The Finnish comrades were not, however, Bolshevik-style Social Democrats. The Finnish party leaders tried to bring the People’s Deputation under control, to impose some restraint on the Red Guards, which had not reformed their headstrong ways. They warned that “revolution is not the same thing as criminal violence.” Essentially in the Menshevik mold, these Social Democrats defined their goal as a democratic parliamentary republic, with a mixed capitalist-socialist economy. This late in the game, with Petrograd in Bolshevik hands, they behaved as though it were still March 1917, while the Red Guards behaved as though it was January 1918, which indeed it was.

The die was cast. On both sides of the Finnish civil divide, the challenge was to create a more or less reliable fighting force motivated by political goals. The Whites represented what remained of the former parliamentary government, recognized by certain Western powers, and initially by the Sovnarkom as well. They defined their cause not in ideological terms but as the defense of law and order against “criminals and traitors,” whether Russians or Finnish Reds. “The struggle which is now in progress in Finland is not a class war,” they declared, “but is a collision between, on the one side a legal social order … and on the other side plain terrorist activity.” Mannerheim denounced “the mutilated bodies of murdered citizens and the ruins of burned villages,” demanding “revenge on the country’s traitors.” The aim was to liberate the south from the “terrorist regime” that was “murdering, plundering, imprisoning and torturing the peaceful and law-abiding inhabitants.” Some lurid details were embroidered, as in all atrocity propaganda, but the essentials were correct—for both sides. Here was the same logic as the Bolshevik Terror—again, coming from both sides.

The Red Guards were volunteers; they supplied themselves by what they called requisitioning, sometimes offering compensation but often resorting to outright plunder. They were egalitarian and bucked all authority. There were few officers to lead them in any case. Before the onset of the German offensive on February 18, 1918, the Sovnarkom continued to promise support, but when it came to accepting the German peace conditions, Lenin said, “Let them take revolutionary Finland. The revolution will not be lost if we give up Finland.” Pro-Bolshevik Russian officers did fight for the Reds, mostly in Karelia, but the Finns resented them, while the ordinary Russian soldiers hurried to board the trains leaving for Russia. They were harassed and robbed by the Finnish Red Guards, trying to stop them from taking provisions and equipment along with them. By contrast, the People’s Deputation was relatively staid. It inherited the old government institutions and the civil servants, who only briefly struck in protest. Without an armed force or police, it was unable to curtail the looting, intimidation, and bloody settling of scores perpetrated by the Finnish Red Guard, which between January and March 1918 committed some 1,650 murders. Most victims could reasonably be identified as supporters of the White cause; some were prisoners or hostages. Unlike the Red Terror in Russia, which had almost immediately acquired an organized form, these reprisals were spontaneous. The Deputation opposed them. The tactics, though brutal, were largely ineffective. The government ministers survived in hiding in Helsinki, Svinhufvud was smuggled out to the north, Mannerheim managed by subterfuge to dismantle the Russian artillery on the Sveaborg Fortress in Helsinki harbor, White propaganda circulated unobstructed. The Sovnarkom insisted the telegraph service remain in Russian control; the staff feigned allegiance and reported back to the Whites.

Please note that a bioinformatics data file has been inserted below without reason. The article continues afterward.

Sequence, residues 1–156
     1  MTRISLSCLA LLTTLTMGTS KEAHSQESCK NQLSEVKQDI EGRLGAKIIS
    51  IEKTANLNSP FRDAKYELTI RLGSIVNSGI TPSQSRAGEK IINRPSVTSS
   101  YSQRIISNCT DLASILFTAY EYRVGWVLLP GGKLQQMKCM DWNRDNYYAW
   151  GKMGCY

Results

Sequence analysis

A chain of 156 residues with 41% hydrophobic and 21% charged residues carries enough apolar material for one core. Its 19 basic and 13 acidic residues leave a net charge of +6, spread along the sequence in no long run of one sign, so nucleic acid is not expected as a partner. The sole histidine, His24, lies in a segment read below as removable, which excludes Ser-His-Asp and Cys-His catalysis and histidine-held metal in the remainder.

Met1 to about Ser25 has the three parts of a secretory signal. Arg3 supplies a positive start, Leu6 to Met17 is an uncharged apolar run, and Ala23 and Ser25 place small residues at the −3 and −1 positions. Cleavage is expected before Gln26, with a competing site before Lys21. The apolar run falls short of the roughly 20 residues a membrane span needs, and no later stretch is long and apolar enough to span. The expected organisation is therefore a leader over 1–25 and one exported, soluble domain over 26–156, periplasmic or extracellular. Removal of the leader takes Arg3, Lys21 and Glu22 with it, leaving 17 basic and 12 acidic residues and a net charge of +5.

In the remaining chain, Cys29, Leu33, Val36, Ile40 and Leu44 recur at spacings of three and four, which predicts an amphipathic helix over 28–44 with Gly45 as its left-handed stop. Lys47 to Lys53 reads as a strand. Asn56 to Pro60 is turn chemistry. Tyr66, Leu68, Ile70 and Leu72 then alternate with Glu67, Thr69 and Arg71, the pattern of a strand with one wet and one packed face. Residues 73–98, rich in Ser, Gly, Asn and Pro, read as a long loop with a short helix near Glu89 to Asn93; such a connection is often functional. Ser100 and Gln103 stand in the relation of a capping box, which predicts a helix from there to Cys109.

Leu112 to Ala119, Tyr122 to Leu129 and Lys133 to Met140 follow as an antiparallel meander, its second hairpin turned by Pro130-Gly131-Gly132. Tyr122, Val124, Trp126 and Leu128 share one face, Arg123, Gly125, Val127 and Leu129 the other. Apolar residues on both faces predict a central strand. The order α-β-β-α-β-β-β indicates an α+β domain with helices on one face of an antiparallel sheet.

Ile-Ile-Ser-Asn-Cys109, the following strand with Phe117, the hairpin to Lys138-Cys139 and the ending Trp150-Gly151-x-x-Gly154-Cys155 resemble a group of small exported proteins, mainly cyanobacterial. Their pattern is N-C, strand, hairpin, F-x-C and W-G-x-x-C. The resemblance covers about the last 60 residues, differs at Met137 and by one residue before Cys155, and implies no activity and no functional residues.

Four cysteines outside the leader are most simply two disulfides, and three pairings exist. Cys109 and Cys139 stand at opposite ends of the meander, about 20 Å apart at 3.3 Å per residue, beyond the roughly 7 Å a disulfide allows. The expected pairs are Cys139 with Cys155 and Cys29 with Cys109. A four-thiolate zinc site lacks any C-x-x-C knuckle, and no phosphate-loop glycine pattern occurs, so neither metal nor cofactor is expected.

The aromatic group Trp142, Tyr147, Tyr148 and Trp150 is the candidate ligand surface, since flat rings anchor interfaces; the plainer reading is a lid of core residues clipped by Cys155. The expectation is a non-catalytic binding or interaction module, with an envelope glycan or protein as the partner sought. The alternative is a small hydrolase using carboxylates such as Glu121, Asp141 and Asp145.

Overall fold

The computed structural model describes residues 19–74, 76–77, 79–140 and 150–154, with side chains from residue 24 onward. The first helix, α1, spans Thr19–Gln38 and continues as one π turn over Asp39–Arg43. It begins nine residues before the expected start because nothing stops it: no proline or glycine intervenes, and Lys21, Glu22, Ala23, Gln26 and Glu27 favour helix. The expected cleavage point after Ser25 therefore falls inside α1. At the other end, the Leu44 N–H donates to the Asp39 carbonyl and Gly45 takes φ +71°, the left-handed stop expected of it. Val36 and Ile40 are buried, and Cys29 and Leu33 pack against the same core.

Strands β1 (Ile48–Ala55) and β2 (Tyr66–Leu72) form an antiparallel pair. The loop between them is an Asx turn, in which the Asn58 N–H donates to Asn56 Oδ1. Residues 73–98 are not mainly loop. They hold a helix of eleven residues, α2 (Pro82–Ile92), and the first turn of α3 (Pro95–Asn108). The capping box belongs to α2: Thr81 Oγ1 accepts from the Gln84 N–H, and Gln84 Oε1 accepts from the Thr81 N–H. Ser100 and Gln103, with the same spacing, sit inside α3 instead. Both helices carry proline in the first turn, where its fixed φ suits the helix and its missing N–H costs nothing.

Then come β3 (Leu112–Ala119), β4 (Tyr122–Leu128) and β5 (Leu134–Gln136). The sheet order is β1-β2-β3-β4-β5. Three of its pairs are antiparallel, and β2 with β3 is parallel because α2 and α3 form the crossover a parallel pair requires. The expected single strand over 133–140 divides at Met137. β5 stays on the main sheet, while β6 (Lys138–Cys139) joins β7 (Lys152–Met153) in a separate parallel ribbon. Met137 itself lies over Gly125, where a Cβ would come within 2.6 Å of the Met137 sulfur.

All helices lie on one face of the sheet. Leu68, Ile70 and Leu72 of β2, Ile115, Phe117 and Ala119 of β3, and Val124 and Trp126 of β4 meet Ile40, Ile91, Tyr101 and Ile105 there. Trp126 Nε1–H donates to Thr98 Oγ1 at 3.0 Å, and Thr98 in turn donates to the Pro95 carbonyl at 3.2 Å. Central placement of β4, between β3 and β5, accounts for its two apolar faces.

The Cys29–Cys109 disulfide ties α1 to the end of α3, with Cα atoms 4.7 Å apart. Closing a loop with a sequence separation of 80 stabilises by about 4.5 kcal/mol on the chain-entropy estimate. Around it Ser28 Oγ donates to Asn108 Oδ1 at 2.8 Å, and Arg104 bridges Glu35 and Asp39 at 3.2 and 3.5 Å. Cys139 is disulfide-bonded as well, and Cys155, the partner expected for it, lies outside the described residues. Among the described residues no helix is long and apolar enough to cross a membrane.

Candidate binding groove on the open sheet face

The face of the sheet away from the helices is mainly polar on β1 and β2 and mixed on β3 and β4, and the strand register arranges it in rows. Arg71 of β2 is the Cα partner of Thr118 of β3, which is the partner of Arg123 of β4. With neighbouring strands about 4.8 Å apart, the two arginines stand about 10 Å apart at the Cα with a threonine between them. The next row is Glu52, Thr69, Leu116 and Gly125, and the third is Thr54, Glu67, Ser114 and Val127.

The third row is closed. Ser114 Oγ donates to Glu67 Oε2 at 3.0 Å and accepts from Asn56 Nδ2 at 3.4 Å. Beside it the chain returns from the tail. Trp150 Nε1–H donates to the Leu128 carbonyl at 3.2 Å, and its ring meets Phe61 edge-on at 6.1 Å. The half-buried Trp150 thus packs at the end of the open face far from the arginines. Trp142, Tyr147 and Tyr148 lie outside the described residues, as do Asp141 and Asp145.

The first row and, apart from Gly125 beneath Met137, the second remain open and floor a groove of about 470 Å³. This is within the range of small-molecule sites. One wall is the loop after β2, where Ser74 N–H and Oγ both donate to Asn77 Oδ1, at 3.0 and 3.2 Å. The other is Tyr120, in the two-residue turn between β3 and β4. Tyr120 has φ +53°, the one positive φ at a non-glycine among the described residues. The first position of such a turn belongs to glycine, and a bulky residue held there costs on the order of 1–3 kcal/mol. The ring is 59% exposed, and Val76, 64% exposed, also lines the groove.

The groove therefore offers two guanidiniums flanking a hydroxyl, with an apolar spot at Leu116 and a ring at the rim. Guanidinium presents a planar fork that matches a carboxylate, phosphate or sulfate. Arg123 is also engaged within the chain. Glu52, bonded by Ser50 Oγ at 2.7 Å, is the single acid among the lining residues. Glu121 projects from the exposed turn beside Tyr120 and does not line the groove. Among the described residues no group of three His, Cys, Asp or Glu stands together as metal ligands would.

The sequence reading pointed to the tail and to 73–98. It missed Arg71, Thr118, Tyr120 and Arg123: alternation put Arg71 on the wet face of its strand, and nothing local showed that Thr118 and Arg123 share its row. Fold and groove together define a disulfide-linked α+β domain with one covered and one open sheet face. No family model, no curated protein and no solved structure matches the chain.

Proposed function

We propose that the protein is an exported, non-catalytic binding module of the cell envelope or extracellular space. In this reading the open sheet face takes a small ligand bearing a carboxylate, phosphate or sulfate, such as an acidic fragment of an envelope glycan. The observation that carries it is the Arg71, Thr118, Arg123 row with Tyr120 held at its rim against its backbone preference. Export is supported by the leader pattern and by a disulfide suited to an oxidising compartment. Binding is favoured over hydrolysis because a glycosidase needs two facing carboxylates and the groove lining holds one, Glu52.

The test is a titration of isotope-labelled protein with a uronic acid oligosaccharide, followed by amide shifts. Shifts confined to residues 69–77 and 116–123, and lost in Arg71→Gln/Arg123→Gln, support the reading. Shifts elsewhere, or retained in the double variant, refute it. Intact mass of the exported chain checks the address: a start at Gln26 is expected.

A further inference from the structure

The White forces countenanced political terror of their own. They shot prisoners taken in combat; they shot and otherwise executed civilians thought to belong to or support the Red Guards. While condemning such excesses, Mannerheim did little to stop them and encouraged the attitudes that justified them. He told a German journalist, “The revolutionaries have made themselves guilty of high treason and insurrection and the punishment for that is death.” Saboteurs and spies behind the lines, he ordered, should be “shot on the spot.” The Finnish Red Terror was not institutionalized; the Deputation had no political police. The Finnish White Terror combined spontaneous social warfare with official policy. Better organized and led, the Whites emerged victorious, and as a consequence the toll they eventually exacted was higher.